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Structural basis for diverse N-glycan recognition by HIV-1–neutralizing V1–V2–directed antibody PG16

Abstract

HIV-1 uses a diverse N-linked-glycan shield to evade recognition by antibody. Select human antibodies, such as the clonally related PG9 and PG16, recognize glycopeptide epitopes in the HIV-1 V1–V2 region and penetrate this shield, but their ability to accommodate diverse glycans is unclear. Here we report the structure of antibody PG16 bound to a scaffolded V1–V2, showing an epitope comprising both high mannose–type and complex-type N-linked glycans. We combined structure, NMR and mutagenesis analyses to characterize glycan recognition by PG9 and PG16. Three PG16-specific residues, arginine, serine and histidine (RSH), were critical for binding sialic acid on complex-type glycans, and introduction of these residues into PG9 produced a chimeric antibody with enhanced HIV-1 neutralization. Although HIV-1–glycan diversity facilitates evasion, antibody somatic diversity can overcome this and can provide clues to guide the design of modified antibodies with enhanced neutralization.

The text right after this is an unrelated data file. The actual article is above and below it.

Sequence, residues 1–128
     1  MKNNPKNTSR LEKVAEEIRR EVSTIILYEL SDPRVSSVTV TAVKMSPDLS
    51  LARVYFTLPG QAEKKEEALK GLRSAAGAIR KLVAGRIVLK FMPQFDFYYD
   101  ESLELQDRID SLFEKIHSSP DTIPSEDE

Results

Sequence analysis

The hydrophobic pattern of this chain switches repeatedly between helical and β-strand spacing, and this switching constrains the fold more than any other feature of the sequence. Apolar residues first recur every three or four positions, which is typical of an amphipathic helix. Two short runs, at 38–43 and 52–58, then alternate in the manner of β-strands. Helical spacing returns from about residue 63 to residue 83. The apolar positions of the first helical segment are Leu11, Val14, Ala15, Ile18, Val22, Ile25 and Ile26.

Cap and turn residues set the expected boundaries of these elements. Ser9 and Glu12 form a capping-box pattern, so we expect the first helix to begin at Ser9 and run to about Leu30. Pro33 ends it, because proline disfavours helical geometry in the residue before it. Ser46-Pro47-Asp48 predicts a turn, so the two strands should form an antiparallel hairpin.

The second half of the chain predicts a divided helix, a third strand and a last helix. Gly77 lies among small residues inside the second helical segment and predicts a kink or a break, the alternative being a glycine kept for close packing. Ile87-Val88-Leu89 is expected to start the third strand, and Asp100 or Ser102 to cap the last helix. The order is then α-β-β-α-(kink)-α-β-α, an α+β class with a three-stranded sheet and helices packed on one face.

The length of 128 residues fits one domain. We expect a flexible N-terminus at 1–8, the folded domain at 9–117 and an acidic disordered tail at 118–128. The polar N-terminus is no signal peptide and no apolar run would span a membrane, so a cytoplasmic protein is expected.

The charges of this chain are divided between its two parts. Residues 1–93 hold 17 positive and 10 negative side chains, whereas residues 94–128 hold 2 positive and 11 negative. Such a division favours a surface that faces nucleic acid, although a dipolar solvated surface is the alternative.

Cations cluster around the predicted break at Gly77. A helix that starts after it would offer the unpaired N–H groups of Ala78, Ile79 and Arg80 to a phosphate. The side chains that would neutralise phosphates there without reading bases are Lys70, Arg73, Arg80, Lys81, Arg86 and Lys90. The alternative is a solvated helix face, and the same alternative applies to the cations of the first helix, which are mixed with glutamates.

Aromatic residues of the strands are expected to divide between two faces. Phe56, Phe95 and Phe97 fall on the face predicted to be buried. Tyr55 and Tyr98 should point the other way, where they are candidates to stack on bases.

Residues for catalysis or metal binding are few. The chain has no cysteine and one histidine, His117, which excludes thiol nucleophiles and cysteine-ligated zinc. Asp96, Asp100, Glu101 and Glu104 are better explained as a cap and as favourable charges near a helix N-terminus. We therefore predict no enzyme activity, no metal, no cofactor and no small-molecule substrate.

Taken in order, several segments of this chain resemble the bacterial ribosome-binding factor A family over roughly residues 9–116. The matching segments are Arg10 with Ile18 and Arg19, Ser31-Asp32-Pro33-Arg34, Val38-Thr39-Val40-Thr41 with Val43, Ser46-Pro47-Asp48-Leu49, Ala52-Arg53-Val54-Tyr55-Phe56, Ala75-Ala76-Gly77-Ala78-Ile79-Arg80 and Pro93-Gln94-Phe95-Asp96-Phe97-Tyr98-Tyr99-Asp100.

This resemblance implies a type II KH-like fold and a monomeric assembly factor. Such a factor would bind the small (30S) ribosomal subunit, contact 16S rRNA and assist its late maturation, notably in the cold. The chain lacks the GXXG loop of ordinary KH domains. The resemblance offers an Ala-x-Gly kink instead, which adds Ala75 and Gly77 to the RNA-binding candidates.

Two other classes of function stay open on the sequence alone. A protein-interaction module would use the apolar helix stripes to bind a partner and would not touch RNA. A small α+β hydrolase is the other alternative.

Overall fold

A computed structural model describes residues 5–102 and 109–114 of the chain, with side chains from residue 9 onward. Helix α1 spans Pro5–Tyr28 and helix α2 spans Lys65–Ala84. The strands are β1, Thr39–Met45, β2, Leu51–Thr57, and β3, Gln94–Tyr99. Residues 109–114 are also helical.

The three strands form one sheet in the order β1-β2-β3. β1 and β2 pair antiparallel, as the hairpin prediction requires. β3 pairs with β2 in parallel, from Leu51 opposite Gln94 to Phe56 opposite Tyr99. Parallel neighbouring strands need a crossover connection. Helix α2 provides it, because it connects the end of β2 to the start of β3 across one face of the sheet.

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Figure 1: Cocrystal structure of human antibody PG16 and scaffolded-V1–V2 of HIV-1 gp120 with a high mannose–type N-linked glycan at residue 160gp120 and a hybrid-type N-linked glycan at residue 173gp120.
Figure 2: PG16 and PG9 interactions with V1–V2 domain of HIV-1 gp120.
Figure 3: PG16 interactions with hybrid-type N-linked glycan at residue 156gp120 or 173gp120.
Figure 4: PG16 binds complex-type glycans more tightly than Man5GlcNAc2, whereas PG9 prefers Man5GlcNAc2.
Figure 5: Design and glycan recognition of PG9-16-RSH antibody.
Figure 6: Neutralization activity of PG9, PG16 and PG9-16-RSH.
Figure 7: Effect of sialic acid removal by neuraminidase treatment on PG9, PG16 and PG9-16-RSH antibody-mediated neutralization of HIV-1.
Figure 8: Glycan recognition, binding affinities, and detailed interactions of PG16, PG9 and PG9-16-RSH.

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Acknowledgements